Boudreau recalled: “I remember him saying it because I’ll never forget it.”
But that doesn’t mean Boudreau wasn’t hard on them when it was needed.
“People think I’m the guy in the commercials but there’s two totally different sides of me,” he said. “I would take Alex [Ovechkin] in during individual meetings and say, ‘I need you tonight. I need you to start doing this. I would show him what he wasn’t doing compared to before and he’d look at me and say, ‘Oh my God.’ ”
Proof of the bond between the players and their coach came in Ottawa.
The Capitals were dangerously close to losing a ninth straight game after falling behind the Senators 2-0 early. Boudreau addressed the team after the first period.
“I said to the guys, this is a very important part of our year right now,” he said. “We had such a good lead that we were just now falling into the middle of the pack. I said, very calmly, ‘I can’t express to you how important this is to us as a group if we all want to stay together, how this game ends.”
The Capitals rallied during a three-goal third period and held on for a 3-2 victory.
“There was talk everywhere, from media and from all different directions, that if we didn’t start winning that he was going to get fired,” winger Eric Fehr said. “It definitely came up in a few meetings and in conversations between guys. We rallied around him.”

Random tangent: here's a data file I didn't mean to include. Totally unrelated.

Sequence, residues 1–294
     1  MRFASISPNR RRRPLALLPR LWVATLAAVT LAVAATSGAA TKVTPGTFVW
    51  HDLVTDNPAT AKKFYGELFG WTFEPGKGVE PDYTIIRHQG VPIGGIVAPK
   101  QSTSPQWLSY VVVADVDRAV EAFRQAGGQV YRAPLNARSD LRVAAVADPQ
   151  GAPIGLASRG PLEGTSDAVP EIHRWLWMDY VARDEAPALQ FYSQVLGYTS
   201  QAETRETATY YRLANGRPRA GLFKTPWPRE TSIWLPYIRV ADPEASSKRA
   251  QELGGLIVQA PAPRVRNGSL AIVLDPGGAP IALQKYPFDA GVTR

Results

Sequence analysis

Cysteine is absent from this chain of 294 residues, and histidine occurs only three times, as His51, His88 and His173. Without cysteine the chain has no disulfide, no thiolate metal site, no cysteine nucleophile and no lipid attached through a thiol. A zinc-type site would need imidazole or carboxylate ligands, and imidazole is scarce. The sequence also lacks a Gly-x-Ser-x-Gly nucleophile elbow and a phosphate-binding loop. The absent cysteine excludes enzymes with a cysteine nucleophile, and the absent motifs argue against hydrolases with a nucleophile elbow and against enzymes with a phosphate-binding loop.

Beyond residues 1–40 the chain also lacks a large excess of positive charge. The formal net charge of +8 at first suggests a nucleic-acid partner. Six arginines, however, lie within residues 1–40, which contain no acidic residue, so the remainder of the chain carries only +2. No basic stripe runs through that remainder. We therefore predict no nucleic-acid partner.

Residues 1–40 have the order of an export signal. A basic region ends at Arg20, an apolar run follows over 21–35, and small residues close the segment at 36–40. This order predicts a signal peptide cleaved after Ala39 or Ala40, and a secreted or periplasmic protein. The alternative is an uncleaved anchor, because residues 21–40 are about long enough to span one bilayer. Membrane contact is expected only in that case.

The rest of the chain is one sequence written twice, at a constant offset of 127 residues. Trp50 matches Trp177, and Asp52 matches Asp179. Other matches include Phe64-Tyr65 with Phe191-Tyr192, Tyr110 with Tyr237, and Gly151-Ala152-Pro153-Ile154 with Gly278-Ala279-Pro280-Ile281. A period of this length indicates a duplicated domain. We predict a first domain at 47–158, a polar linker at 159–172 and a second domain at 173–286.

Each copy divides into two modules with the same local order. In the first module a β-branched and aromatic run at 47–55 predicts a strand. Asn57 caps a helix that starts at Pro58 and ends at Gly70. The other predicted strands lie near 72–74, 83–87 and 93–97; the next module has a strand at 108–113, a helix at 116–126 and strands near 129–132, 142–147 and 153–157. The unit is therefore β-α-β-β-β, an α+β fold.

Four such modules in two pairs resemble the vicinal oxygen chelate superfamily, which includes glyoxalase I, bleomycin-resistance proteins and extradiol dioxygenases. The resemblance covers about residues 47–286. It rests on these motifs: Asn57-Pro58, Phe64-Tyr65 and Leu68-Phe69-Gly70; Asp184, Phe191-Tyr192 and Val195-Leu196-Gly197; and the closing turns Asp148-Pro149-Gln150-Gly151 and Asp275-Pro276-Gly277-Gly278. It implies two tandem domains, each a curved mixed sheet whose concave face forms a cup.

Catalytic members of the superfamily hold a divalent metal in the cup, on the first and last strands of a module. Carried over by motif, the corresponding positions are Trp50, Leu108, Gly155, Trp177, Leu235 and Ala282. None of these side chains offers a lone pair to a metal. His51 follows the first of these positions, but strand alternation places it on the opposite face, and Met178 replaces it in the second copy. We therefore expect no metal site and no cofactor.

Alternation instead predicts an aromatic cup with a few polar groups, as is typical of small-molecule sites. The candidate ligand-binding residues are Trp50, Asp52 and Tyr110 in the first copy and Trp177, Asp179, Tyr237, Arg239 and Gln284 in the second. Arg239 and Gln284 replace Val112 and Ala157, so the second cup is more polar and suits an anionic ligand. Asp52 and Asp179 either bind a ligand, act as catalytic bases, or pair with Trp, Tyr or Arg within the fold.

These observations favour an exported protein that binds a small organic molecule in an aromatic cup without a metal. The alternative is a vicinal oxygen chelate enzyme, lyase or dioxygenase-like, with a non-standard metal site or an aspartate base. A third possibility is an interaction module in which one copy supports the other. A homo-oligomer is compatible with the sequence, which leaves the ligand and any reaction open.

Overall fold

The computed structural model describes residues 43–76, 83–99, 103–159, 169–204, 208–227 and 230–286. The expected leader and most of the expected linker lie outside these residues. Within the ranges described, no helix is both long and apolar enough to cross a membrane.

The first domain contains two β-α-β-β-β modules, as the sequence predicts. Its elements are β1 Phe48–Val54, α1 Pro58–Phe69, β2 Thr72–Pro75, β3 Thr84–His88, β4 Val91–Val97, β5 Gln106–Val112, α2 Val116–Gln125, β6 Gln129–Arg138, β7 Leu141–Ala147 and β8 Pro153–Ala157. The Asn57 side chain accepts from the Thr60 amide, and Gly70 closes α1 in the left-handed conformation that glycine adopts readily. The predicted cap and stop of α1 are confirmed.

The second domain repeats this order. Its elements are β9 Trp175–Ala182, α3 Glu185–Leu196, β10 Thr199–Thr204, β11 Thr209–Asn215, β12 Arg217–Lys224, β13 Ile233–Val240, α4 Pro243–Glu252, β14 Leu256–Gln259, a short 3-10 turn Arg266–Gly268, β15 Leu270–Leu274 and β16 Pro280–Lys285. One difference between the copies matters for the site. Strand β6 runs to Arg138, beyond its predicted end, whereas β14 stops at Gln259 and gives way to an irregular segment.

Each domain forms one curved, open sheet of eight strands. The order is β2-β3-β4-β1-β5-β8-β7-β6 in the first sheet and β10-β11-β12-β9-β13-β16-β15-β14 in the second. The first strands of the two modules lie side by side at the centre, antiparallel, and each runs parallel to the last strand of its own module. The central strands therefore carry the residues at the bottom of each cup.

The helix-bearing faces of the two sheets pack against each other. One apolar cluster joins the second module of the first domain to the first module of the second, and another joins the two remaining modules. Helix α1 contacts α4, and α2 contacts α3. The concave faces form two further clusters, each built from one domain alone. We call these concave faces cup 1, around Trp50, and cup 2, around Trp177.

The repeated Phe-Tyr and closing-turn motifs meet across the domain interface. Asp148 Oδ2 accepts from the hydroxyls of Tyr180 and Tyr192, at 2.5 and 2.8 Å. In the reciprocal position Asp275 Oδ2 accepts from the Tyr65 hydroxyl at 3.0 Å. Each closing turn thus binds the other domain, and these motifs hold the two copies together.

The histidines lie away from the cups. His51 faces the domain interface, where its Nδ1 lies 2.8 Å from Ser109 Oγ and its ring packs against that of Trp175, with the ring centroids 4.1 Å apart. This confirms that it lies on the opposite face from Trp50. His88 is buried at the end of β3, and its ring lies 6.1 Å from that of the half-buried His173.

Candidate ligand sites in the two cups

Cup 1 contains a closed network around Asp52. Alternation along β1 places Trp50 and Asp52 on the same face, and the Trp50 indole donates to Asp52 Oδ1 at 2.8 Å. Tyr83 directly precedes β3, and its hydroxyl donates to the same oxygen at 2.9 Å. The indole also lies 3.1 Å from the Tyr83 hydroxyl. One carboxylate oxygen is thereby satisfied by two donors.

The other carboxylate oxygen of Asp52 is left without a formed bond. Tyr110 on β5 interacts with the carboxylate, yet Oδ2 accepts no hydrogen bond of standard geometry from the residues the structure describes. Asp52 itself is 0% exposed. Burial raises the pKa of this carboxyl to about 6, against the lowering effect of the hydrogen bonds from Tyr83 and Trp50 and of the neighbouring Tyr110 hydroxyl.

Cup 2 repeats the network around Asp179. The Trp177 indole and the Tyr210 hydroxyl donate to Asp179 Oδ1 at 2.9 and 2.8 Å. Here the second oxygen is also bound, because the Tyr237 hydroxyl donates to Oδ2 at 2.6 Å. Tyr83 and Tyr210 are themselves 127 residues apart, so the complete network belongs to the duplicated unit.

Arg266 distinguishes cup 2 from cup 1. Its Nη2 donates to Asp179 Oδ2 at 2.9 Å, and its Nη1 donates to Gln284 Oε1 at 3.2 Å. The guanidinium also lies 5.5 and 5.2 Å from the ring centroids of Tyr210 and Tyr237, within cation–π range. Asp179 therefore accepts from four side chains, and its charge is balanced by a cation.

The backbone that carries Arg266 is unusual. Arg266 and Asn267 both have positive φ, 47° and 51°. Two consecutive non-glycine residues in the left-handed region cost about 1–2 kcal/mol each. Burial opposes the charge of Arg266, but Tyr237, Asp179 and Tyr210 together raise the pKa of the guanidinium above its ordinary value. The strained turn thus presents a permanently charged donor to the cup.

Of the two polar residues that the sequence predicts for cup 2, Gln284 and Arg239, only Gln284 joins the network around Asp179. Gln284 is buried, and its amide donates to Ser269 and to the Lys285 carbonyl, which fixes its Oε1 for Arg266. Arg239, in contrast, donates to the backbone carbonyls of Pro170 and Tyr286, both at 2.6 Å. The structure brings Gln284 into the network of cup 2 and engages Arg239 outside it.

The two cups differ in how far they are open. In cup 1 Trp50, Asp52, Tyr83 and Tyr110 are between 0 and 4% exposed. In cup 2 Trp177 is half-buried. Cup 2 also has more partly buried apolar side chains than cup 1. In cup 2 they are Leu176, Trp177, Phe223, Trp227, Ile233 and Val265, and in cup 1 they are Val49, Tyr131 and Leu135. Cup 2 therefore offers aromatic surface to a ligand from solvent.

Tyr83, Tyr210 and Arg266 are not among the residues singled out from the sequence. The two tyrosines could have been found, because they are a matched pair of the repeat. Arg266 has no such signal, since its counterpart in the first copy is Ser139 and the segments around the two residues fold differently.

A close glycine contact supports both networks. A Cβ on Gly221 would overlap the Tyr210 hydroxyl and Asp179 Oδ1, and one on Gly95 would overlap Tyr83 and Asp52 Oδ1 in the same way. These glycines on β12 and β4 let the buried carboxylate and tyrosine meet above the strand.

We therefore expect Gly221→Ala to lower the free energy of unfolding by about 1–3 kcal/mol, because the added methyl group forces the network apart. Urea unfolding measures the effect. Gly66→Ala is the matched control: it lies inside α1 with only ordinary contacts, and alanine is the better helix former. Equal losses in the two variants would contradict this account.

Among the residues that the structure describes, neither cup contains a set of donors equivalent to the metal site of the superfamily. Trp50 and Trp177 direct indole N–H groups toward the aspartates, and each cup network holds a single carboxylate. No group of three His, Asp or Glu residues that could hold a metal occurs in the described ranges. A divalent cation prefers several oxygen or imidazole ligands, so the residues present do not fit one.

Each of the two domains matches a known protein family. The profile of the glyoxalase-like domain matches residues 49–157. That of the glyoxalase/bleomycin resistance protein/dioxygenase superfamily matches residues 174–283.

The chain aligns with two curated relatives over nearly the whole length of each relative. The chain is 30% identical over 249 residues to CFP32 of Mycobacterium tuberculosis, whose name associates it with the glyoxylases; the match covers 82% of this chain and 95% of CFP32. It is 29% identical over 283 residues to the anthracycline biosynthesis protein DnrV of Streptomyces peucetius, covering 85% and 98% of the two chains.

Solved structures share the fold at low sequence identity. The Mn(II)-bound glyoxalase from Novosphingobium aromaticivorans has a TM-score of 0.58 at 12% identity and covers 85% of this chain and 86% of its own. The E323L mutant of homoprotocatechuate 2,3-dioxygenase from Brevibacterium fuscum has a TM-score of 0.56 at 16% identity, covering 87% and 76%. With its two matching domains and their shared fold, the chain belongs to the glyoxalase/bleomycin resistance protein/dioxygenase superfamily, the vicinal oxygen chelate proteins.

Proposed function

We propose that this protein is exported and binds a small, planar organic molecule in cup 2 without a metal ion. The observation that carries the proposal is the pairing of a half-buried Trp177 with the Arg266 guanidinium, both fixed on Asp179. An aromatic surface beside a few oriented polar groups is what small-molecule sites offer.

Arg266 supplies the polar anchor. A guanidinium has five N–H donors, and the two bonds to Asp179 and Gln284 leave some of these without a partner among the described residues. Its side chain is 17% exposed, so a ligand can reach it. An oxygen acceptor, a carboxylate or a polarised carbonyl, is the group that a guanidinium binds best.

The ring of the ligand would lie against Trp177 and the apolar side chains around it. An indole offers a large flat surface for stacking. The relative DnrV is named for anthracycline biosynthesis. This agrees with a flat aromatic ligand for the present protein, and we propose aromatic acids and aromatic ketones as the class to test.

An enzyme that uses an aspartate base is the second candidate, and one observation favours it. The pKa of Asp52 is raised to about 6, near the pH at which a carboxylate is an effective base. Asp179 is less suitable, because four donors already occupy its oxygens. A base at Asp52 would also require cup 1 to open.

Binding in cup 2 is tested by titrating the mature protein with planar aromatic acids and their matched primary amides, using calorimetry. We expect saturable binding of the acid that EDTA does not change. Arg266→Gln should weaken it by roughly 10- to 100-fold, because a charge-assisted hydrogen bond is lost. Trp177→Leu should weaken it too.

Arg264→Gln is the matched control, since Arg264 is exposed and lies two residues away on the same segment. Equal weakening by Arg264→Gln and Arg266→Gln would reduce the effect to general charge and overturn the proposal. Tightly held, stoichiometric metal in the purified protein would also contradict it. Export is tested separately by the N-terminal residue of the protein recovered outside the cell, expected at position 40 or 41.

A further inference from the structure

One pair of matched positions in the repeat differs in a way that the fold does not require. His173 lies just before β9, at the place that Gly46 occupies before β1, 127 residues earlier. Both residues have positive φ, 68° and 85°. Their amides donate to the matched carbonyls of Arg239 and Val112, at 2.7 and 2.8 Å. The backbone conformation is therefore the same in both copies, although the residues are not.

After last April’s historic first-round collapse against Montreal, Boudreau was roundly criticized for his team’s inability to adapt on the fly. It was run-and-gun, and if that didn’t work, they were in a difficult spot.
These Capitals, though, will open the postseason as the most complete team of Boudreau’s tenure. With that, however, comes increased expectations for a team and a coach, who only four months ago looked as though they had lost their way.
“Maybe it’s fate,” Boudreau said of the December adjustment and the struggles that necessitated it. “I’m stubborn enough to think that we definitely could have won the other way. But when you look at it, if we keep buying in . . .”
He trailed off mid-sentence as carefully measured his response.
“We’re not scoring,” he added with a smile, “but at the same time, we score enough.”